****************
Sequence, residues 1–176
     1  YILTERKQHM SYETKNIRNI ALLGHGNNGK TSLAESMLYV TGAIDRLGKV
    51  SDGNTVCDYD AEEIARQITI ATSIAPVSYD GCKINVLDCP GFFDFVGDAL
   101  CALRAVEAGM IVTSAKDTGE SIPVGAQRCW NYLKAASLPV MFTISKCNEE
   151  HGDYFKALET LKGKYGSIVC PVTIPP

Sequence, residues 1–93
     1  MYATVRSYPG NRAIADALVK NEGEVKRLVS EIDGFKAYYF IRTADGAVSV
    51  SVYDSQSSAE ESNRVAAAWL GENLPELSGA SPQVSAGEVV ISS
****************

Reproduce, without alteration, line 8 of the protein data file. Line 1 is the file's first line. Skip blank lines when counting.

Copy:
    51  SVYDSQSSAE ESNRVAAAWL GENLPELSGA SPQVSAGEVV ISS